Using an Adapted Case Study Approach to Understand Rural Veteran Experiences in Patient Engagement and Patient-Centered Care Research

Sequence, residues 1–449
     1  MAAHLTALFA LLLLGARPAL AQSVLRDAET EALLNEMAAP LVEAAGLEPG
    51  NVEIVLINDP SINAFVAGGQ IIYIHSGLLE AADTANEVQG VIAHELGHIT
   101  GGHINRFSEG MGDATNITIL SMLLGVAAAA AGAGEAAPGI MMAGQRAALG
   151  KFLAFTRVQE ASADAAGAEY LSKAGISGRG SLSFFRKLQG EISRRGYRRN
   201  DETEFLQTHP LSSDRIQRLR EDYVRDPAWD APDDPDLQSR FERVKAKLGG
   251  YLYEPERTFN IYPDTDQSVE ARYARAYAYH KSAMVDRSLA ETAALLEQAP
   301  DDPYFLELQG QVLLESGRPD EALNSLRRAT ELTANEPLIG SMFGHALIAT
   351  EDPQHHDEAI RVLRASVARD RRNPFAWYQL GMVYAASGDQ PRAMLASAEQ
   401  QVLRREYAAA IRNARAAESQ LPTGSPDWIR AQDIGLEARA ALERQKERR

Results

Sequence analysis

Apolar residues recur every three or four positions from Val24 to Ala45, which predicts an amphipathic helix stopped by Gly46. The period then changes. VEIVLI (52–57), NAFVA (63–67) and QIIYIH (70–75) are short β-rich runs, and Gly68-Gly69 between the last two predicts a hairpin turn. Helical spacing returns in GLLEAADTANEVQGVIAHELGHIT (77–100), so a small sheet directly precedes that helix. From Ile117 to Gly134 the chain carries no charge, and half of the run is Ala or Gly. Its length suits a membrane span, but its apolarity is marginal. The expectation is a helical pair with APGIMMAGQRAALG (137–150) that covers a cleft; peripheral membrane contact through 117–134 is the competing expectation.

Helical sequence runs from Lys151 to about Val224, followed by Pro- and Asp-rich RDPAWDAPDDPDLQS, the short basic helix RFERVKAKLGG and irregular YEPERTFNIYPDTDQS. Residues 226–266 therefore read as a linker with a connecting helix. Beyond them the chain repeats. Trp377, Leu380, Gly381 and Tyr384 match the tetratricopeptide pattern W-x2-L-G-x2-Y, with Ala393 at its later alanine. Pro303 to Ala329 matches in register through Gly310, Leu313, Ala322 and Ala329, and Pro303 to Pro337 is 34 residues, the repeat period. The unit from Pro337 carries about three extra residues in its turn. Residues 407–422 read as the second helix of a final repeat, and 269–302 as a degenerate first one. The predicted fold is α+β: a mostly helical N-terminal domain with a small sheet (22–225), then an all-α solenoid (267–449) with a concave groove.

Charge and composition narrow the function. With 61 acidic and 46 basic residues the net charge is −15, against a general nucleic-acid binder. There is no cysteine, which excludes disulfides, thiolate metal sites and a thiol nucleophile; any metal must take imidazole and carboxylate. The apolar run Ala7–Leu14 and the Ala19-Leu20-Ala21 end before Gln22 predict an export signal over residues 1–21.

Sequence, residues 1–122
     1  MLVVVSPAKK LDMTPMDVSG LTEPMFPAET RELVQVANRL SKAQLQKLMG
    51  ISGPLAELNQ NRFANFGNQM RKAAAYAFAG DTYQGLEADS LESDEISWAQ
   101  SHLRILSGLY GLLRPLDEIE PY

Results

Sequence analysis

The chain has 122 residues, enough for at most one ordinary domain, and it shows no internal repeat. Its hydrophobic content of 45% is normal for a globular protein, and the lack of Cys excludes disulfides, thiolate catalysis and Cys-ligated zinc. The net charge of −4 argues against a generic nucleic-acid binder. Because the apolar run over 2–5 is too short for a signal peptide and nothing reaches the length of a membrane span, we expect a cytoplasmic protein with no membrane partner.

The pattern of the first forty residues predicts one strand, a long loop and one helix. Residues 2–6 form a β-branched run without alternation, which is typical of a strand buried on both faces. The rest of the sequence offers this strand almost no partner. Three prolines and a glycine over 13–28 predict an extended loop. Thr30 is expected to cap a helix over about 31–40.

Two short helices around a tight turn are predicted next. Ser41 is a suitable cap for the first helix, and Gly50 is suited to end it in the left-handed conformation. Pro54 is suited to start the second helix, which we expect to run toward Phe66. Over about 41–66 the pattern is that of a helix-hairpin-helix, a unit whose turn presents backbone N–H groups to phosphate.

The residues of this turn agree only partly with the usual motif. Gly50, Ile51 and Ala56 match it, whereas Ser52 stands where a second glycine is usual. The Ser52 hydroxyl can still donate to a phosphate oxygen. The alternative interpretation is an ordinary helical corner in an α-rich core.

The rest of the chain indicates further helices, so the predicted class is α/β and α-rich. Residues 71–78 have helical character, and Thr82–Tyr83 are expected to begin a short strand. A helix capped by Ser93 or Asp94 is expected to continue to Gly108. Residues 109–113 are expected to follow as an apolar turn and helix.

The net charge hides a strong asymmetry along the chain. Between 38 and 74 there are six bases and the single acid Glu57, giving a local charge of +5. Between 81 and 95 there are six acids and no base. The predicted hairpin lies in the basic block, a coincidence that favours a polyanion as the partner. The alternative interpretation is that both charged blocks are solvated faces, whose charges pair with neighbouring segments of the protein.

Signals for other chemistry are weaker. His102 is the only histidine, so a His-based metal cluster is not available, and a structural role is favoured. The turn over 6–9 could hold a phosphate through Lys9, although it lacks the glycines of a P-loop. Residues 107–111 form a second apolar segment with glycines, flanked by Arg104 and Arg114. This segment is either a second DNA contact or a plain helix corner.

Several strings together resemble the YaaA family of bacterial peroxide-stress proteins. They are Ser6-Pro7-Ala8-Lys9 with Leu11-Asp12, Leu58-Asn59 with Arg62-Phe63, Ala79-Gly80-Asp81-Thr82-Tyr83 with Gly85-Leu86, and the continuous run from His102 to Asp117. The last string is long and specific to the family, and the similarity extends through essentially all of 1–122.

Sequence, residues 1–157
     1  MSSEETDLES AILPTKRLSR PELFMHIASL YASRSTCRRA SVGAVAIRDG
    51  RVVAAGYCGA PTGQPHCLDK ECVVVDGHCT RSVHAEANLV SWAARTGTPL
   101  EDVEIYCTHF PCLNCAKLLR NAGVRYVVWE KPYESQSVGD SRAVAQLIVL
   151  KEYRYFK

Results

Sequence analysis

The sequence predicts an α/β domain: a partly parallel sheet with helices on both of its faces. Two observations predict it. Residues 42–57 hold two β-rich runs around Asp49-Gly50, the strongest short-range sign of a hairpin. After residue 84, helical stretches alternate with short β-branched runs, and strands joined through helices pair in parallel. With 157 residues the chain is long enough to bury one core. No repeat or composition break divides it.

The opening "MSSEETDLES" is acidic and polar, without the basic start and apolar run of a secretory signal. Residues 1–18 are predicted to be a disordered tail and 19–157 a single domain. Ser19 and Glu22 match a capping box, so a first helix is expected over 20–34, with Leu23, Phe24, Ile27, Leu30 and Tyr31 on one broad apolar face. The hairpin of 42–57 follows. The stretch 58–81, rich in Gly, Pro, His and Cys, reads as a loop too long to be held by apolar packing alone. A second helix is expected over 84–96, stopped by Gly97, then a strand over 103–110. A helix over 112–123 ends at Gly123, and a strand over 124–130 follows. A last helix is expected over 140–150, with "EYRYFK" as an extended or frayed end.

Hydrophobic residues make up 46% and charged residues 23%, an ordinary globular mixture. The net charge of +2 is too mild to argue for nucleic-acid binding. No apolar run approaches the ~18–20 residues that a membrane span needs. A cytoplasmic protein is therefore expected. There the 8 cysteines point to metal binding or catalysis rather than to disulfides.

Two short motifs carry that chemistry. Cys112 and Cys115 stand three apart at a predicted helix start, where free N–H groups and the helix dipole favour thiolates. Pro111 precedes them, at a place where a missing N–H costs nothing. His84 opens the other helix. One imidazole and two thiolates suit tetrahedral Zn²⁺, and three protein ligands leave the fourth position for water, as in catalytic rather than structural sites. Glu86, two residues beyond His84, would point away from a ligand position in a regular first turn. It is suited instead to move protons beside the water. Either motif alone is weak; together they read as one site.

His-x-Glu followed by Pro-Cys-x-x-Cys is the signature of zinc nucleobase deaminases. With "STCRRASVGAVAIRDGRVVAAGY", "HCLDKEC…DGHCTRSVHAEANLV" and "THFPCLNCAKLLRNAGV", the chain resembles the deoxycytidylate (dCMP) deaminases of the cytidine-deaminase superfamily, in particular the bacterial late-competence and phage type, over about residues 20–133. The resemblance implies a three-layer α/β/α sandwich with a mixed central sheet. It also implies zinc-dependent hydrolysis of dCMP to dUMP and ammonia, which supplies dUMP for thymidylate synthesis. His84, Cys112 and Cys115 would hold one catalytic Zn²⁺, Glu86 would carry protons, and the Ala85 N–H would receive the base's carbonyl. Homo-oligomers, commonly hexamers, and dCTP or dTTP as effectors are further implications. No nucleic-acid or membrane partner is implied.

How to best engage rural veterans in mental health care is challenging and a topic of public health concern. Rural-dwelling veterans experience greater mental health burden and poorer outcomes than their urban counterparts, making rural veteran engagement in mental health care a public health concern. In this article, we describe how institutional notions of “patient engagement” align with or diverge from rural veteran patient experiences of engagement in mental health care. Using an adapted case study approach developed for our study, we detail the mental health care experiences of three rural-dwelling veteran participants. These case studies illustrate varied forms of mental health care engagement, including use of community resources and self-management activities, that might not be recognized by clinicians as contributing to mental health treatment. Our findings highlight how critical gaps in institutional definitions of care engagement fail to acknowledge veterans’ experiences.
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